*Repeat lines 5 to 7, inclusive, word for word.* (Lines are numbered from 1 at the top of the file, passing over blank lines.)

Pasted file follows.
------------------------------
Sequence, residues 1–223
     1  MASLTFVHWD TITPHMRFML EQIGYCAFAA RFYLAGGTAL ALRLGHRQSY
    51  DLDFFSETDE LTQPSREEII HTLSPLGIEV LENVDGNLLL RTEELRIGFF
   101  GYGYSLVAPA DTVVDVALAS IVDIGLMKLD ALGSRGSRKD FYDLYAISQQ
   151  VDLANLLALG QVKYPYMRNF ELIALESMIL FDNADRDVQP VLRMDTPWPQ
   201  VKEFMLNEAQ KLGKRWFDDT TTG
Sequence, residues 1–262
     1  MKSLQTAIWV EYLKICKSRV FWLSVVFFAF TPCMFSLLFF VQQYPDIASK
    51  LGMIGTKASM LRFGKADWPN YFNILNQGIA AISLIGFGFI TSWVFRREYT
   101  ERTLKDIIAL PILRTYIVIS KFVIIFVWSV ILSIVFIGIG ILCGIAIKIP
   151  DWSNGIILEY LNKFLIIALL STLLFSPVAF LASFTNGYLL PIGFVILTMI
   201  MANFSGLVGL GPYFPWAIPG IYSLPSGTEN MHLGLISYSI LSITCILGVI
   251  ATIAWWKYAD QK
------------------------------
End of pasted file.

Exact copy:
   151  VDLANLLALG QVKYPYMRNF ELIALESMIL FDNADRDVQP VLRMDTPWPQ
   201  VKEFMLNEAQ KLGKRWFDDT TTG
Sequence, residues 1–262